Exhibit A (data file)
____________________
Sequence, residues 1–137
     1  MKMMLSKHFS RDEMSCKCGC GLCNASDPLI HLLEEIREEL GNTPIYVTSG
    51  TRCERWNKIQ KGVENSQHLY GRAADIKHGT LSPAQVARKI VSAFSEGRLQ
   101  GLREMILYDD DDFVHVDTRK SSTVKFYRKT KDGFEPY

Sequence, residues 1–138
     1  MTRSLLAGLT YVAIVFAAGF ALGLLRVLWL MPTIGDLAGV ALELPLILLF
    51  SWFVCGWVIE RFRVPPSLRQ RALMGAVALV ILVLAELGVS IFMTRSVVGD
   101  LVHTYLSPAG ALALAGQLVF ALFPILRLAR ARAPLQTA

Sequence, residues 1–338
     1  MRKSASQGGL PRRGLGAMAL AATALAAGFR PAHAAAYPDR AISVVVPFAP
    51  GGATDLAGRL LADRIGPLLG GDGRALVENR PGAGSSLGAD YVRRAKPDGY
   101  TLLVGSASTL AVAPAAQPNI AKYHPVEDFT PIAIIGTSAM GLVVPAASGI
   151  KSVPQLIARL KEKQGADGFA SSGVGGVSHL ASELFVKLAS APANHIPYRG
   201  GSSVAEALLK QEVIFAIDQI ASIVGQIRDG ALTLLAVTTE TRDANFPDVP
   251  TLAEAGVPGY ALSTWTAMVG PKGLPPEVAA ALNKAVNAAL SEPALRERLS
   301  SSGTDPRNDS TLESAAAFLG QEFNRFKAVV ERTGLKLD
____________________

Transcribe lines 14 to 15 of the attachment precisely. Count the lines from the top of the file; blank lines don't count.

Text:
   201  GSSVAEALLK QEVIFAIDQI ASIVGQIRDG ALTLLAVTTE TRDANFPDVP
   251  TLAEAGVPGY ALSTWTAMVG PKGLPPEVAA ALNKAVNAAL SEPALRERLS